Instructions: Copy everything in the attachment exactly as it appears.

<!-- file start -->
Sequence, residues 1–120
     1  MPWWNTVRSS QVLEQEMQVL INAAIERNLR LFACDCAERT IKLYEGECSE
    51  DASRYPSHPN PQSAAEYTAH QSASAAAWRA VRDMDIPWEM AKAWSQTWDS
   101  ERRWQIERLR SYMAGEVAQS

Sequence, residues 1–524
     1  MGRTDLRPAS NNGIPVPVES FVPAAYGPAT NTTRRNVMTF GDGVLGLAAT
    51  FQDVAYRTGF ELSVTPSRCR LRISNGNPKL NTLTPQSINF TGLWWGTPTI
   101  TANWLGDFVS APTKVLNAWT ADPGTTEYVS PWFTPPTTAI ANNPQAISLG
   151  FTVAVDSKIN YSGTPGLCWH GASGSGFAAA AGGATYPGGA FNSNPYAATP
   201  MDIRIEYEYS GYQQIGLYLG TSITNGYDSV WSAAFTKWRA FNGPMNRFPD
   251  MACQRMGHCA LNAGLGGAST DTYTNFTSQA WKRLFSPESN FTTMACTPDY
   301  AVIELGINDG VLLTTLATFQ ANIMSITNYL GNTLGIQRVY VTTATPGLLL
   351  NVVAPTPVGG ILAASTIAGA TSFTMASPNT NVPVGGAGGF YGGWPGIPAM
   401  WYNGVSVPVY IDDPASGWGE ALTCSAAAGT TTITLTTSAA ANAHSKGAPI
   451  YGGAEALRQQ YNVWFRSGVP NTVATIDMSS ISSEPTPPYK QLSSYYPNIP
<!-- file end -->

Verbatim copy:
Sequence, residues 1–120
     1  MPWWNTVRSS QVLEQEMQVL INAAIERNLR LFACDCAERT IKLYEGECSE
    51  DASRYPSHPN PQSAAEYTAH QSASAAAWRA VRDMDIPWEM AKAWSQTWDS
   101  ERRWQIERLR SYMAGEVAQS

Sequence, residues 1–524
     1  MGRTDLRPAS NNGIPVPVES FVPAAYGPAT NTTRRNVMTF GDGVLGLAAT
    51  FQDVAYRTGF ELSVTPSRCR LRISNGNPKL NTLTPQSINF TGLWWGTPTI
   101  TANWLGDFVS APTKVLNAWT ADPGTTEYVS PWFTPPTTAI ANNPQAISLG
   151  FTVAVDSKIN YSGTPGLCWH GASGSGFAAA AGGATYPGGA FNSNPYAATP
   201  MDIRIEYEYS GYQQIGLYLG TSITNGYDSV WSAAFTKWRA FNGPMNRFPD
   251  MACQRMGHCA LNAGLGGAST DTYTNFTSQA WKRLFSPESN FTTMACTPDY
   301  AVIELGINDG VLLTTLATFQ ANIMSITNYL GNTLGIQRVY VTTATPGLLL
   351  NVVAPTPVGG ILAASTIAGA TSFTMASPNT NVPVGGAGGF YGGWPGIPAM
   401  WYNGVSVPVY IDDPASGWGE ALTCSAAAGT TTITLTTSAA ANAHSKGAPI
   451  YGGAEALRQQ YNVWFRSGVP NTVATIDMSS ISSEPTPPYK QLSSYYPNIP